I've read Sarah Frier's "No Filter: The Inside Story of Instagram" and *really* enjoyed it.

The book gives an account of Instagram's story between the initial idea (the check-in app 'burbn'), and the resignation of CEO Kevin Systrom in 2018.I'm impressed by how the book explores the 'Instagram DNA', which often clashes with 's own prinicples.

I'll post a thread with some key aspects and quotes.

Kevin Systrom, before founding Instagram, had graduated from Stanford, interned at Odeo (which later became ) with Ev Williams and Jack Dorsey, and personally declined an offer from Zuckerberg to work on before it was big. He insead decided to work at :

"Most people never get the chance to join an iconic company in its early days. Systrom squandered both of his, choosing instead to do something much less risky."

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On company culture:

"It was the culture that drove homepage leader Marissa Mayer, who later became CEO of Yahoo!, to famously test 41 shades of blue to figure out what color would give the company’s hyperlinks the highest click-through rate.. A slightly purpler blue shade won out over slightly greener shades, helping boost revenue by $200 million a year."

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Again, on how well connected Kevin Systrom was early on:

"By age 25 Systrom had received an introduction to how growth-driven Facebook was, how scrappy Twitter was, and how procedural and academic Google was."

This reminds me a lot of what I read about other 'successful' people. They don't follow the "dishwasher to millionaire" route, but start out with heavy advantages.

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Price of sponsored posts on :

"Today, Kim Kardashian West has 157 million followers and makes about $1 million for a single post. Paris Hilton eventually joined Instagram too, and now has 11 million followers."

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About the woman who started a popular account for her dog:

"Her friends warned her about what was coming before she realized it: she would have to quit her job at the Pacific Design Center in Los Angeles and run her dog’s account full-time."

What a world we live in.

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About , their video app , and the power of conent creators:

"Twenty of the top Viners banded together to negotiate with Twitter, saying that for about $1 million each, they would post every day for the next six months. If Twitter rejected the deal, they would instead start posting Vines to tell followers to find them on Instagram, YouTube, or Snapchat instead. Twitter refused, the stars abandoned the app, and eventually, Vine shut down entirely."

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creating peer pressure and depression, and as competitor:

"It turned out that the high pressure to demonstrate a perfect life on Instagram was actually bad for the product’s growth. And it was great for a now-formidable competitor: Snapchat."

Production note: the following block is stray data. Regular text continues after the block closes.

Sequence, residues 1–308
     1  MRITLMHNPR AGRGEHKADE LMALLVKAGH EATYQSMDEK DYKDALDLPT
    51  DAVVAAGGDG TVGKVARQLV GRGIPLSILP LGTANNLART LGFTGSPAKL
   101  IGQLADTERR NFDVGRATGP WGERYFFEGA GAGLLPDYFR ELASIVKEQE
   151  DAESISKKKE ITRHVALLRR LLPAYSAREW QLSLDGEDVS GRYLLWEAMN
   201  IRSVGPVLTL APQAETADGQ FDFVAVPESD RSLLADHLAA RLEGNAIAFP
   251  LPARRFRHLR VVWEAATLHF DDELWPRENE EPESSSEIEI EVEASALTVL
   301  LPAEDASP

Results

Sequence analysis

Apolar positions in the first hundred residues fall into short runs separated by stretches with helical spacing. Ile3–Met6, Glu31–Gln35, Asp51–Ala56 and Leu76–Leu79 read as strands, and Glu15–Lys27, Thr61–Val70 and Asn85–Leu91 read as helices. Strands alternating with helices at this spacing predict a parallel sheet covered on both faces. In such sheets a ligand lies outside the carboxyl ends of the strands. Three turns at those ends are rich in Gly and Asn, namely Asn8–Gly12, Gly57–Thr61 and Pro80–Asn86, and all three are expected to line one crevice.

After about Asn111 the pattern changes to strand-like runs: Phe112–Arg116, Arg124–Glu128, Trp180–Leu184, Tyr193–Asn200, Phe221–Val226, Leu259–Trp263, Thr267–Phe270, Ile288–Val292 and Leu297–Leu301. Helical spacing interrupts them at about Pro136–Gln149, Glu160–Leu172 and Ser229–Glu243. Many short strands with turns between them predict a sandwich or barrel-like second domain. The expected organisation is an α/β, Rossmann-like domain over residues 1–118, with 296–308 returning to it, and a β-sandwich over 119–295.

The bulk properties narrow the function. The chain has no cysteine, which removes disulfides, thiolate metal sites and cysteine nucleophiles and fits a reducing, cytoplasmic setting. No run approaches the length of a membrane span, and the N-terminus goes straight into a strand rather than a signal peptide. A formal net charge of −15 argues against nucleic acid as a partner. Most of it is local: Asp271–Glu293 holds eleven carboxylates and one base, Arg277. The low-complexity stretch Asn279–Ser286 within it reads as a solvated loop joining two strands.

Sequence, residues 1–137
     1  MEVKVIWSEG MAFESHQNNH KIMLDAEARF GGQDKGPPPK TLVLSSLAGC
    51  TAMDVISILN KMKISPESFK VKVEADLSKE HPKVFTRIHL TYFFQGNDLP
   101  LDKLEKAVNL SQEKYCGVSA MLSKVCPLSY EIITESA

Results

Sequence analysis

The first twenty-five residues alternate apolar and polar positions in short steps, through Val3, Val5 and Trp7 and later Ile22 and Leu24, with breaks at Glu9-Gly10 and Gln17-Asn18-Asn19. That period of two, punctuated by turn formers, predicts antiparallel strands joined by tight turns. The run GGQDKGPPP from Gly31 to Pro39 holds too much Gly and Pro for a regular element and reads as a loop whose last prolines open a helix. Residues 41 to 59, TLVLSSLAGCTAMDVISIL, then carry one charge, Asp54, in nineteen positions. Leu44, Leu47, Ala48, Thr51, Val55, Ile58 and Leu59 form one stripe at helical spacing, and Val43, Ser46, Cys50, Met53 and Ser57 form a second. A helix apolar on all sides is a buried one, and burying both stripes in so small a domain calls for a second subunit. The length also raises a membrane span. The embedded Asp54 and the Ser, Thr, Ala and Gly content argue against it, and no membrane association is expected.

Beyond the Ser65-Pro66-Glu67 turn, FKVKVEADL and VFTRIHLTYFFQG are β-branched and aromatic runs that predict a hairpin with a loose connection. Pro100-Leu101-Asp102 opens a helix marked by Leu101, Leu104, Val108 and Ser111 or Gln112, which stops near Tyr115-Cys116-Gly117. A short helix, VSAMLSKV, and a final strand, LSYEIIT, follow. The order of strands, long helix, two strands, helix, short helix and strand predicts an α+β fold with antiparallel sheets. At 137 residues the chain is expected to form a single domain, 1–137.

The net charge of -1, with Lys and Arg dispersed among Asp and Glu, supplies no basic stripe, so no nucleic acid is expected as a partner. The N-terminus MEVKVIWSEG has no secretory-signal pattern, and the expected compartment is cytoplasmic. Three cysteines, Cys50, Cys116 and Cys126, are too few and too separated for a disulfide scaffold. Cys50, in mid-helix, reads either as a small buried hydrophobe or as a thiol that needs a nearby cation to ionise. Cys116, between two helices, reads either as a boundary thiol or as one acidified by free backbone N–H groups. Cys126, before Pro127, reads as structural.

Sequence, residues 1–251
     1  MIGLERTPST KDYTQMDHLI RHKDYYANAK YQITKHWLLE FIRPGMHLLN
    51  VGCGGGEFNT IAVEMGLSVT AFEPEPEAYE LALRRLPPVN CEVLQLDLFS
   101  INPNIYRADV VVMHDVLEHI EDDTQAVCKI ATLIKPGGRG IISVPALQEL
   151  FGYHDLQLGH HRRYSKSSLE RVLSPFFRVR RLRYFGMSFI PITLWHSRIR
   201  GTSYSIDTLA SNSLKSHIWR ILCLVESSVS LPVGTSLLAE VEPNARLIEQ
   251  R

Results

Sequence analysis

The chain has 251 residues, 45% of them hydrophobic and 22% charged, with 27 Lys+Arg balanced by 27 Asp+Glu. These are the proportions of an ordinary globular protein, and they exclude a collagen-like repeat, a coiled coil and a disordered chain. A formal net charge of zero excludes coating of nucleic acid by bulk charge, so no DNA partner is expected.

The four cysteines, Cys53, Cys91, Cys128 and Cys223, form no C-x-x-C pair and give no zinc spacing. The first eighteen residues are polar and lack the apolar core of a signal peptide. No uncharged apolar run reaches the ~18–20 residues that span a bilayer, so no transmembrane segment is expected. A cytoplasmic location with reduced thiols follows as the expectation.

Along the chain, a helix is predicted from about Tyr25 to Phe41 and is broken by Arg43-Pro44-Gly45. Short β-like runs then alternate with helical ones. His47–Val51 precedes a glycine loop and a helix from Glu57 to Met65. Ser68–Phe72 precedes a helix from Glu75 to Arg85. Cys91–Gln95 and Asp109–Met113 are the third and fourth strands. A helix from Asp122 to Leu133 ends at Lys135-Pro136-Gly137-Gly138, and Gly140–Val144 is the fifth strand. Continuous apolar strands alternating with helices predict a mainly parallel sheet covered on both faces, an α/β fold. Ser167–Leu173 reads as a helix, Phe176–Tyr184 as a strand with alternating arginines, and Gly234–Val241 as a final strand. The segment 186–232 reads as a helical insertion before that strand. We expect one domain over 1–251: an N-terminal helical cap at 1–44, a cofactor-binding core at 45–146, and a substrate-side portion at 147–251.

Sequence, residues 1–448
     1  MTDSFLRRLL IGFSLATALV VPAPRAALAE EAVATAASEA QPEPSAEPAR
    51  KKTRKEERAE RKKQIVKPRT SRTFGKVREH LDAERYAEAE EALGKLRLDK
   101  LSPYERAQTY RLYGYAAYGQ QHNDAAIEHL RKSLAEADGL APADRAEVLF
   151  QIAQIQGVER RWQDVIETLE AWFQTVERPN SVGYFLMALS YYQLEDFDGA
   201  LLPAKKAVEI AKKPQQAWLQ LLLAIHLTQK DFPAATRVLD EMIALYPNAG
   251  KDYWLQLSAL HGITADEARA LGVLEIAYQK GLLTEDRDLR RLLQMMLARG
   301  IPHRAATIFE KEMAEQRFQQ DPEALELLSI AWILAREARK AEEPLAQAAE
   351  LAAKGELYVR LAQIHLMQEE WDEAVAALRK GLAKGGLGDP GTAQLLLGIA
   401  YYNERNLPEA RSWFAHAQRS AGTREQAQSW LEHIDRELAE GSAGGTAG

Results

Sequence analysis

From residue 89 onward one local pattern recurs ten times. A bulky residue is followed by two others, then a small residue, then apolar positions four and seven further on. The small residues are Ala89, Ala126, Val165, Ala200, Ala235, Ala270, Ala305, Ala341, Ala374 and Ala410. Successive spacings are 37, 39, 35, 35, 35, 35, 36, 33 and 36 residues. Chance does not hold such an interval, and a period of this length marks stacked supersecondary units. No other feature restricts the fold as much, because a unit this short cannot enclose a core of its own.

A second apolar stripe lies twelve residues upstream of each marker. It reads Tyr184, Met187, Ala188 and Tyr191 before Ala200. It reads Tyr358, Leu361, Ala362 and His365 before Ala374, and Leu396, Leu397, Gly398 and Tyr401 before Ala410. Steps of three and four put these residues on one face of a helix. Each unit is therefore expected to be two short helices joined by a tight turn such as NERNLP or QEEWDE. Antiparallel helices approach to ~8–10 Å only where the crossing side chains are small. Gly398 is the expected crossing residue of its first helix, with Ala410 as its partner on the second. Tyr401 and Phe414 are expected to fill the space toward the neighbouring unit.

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Instagram blatantly copied the Stories idea, and openly admitted it:

"Systrom had told his communications team that he would acknowledge to the press that the Stories format was a Snapchat invention that Instagram had copied, and that was why they had the same name. (“You’re going to do WHAT?” Facebook PR head Caryn Marooney exclaimed."

The feature was hugely popular, and relieved some of the pressure for a beautiful life for its users.

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Accurate description of how useless has become lately:

"People weren’t posting as many personal updates as they had in years past. Instead, they were taking quizzes about which Harry Potter character they were most like, and wishing their distant contacts an obligatory “Happy birthday!” because Facebook reminded them to."

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"Photos of leisure time are the new status symbols."

Not cars, not phones, not clothing.

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"The Royal Society for Public Health in the U.K. named Instagram the number one worst app for mental health for youth, specifically because it drives people to compare themselves to one another and fosters anxiety."

That's no surprise to us, is it?

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The purchase of , and keeping it as a separate company, was also a blueprint for the acquisition of .

Instagram: 1 billion USD
WhatsApp: 19 billion USD

"there were suddenly no more doubts about whether Instagram was worth $1 billion to Facebook. Instead, Systrom was getting constant questions—from the media, from his peers in the industry, from everyone—about whether he’d sold too soon."

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Later, the WhatsApp founder Brian Acton (now foundation):

“At the end of the day, I sold my company,” Acton underscored. “I sold my users’ privacy to a larger benefit. I made a choice and a compromise. And I live with that every day.”

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@hinterwaeldler
Danke, für die Zusammenfassung. sehr interessant. Immer toll, wenn Mythen über #siliconvalley ausgeräumt werden.

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